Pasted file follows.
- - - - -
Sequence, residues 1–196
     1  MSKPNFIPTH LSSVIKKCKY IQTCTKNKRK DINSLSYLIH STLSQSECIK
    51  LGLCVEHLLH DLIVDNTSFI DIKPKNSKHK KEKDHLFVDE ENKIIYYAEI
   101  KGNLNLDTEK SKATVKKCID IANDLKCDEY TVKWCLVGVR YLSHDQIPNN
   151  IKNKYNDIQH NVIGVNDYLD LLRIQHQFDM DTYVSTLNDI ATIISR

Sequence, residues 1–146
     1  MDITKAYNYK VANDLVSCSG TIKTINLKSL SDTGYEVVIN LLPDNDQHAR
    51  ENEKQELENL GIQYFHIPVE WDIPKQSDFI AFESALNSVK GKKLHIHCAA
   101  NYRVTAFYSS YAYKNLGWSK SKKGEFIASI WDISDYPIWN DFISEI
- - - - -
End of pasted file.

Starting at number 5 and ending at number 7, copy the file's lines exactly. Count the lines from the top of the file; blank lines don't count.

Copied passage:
   151  IKNKYNDIQH NVIGVNDYLD LLRIQHQFDM DTYVSTLNDI ATIISR

Sequence, residues 1–146
     1  MDITKAYNYK VANDLVSCSG TIKTINLKSL SDTGYEVVIN LLPDNDQHAR